According to the U.S. Bureau of Labor Statistics, the top 10% of writers earn an average of $133,460 yearly.
As a full-time environmental writer working with companies or government agencies, you can earn as much or more.
Another beautiful thing about environmental writing jobs is that you can get paid to save the planet even before you get your bachelor’s degree.
While you might love the planet, there is no harm in making money from loving it.
Your job as an environmental writer focuses on environmental topics: wildlife, energy, technology, environmental policies, ‘green’ life, water issues, and climate change, among others.
If you want to know what opportunities are out there for you to explore, keep reading!
10 Environmental Writing Jobs for You
As an environmental writer, you can work full-time or part-time, remotely, or on-site.
Depending on what organization you wish to write for, there are various writing styles to explore.
For example, writing news articles will differ from presenting investigative pieces.
Each writing style fits different job descriptions, and we will explore the best opportunities available right now.
1. Environmental Journalism
A college degree in environmental science or related fields and excellent writing skills are essential to becoming an environmental journalist.
You don’t have to be a professional writer with a college degree in journalism, communications, English, or writing, but it could be a plus.
This form of writing requires extensive background research and may often warrant interviews.
It involves writing investigative pieces that expose environmental problems, unethical practices carried out by ‘green’ companies, illegal environmental activities, etc.
Environmental journalists often work at news outlets or for environmental magazines.
Data journalism and multimedia journalism are two other areas slowly but steadily entering the industry.
They involve analyzing available data to discover and uncover new trends and using catchy audio-visuals to present stories to the public.
2. Eco Article Writing
As a freelance environmental writer, you can create content about conservation issues, alternative energy, climate change, and water pollution for blogs or science magazines.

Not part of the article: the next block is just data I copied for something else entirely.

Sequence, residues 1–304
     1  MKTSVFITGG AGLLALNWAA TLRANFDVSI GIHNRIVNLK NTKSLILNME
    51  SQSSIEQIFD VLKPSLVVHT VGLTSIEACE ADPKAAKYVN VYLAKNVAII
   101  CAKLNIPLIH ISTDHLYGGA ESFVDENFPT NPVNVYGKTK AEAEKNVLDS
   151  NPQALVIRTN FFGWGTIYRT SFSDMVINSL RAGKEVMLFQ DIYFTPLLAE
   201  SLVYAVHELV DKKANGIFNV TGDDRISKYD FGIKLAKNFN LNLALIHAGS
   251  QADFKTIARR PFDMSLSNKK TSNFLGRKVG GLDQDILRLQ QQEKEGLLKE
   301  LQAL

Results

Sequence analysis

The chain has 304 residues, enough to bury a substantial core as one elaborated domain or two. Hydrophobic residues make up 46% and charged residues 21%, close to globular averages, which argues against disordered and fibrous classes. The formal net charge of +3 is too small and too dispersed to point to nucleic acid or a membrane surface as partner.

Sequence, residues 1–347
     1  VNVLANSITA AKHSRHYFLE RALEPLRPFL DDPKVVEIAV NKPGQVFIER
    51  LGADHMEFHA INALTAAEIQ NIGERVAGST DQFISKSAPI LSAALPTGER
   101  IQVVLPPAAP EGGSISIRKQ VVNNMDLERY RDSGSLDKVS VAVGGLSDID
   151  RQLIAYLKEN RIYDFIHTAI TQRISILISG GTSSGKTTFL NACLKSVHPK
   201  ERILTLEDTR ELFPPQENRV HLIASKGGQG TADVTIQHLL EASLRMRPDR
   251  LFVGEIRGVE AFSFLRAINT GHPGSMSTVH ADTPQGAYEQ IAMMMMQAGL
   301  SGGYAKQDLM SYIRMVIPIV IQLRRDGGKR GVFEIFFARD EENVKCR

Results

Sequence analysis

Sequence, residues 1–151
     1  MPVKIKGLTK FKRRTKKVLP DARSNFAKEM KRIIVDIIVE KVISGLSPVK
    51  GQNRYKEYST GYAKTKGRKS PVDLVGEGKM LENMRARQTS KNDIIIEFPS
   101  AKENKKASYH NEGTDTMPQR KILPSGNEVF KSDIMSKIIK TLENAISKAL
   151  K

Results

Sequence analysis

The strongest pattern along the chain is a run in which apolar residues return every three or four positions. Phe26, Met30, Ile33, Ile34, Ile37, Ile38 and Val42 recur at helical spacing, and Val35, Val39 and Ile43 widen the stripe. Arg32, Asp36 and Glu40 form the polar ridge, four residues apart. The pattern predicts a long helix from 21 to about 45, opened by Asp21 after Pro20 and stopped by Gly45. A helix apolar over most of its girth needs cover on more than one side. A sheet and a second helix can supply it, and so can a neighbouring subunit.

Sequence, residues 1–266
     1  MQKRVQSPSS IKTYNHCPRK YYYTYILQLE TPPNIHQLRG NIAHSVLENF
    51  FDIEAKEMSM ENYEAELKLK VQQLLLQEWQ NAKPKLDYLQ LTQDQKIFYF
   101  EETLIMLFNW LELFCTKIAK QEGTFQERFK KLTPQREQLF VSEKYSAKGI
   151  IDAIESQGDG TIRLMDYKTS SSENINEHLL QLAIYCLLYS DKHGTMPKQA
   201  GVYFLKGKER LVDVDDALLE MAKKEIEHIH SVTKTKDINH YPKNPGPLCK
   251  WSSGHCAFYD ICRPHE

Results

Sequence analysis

The good news is that there are many publications and organizations ready to pay for your work!
If you are adventurous, you can share your discoveries and experiences with them for publication.
These eight publications pay freelance environmental writers well:
- The Open Notebook (pays $750 for interviews and $1,100 for featured stories)
- Australian Geographic (pays around $300AUD for 600-1000 words)
- Discover Magazine (pays $300 per story published on the web and $1 per word for stories printed)
- Sierra Magazine (pays a flat rate of $250 for reviews and opinion pieces, at least $350 for online stories, and $1 per word for feature articles with at least 3000 words)
- New Scientist (competitive rate per word, and you can negotiate)
- Hakai Magazine (Reportedly pays $0.75 to $1 per word for everything coastal)
- The Revelator (pays $300 to first-time contributors but can pay as much as $500 subsequently, depending on the story shared)
- BBC Future (pay is not disclosed)
These are only a few places to pitch your writing as an environmentalist and get paid.
Each of these websites has submission guidelines to follow.
Many other outlets will pay for your commissioned contributions. These resources on how to pitch your ideas can help.
3. Environmental Communications
Environmental communication professionals disseminate information about the environment to the public. However, it is not limited to that.
It also involves writing and editing white papers and press releases for non-profit environmental organizations, government agencies, and research centers.
Distributing newsletters, including industry news, is part of their job description.
It is related to environmental journalism in that it guides the public’s understanding of environmental issues and policies, informs them of the people and organizations involved, and proposes possible fixes.
Environmental communications provide a variety of career opportunities. You can work with news outlets as a journalist, non-profit organizations, marketing specialists, or government lobbyists.
4. Environmental Copywriting
Environmental copywriters create advertising copy aimed at selling a product or service. Many green companies sell environmental products and services.
They need professional copywriters, either freelancers or full-time employees, to market these.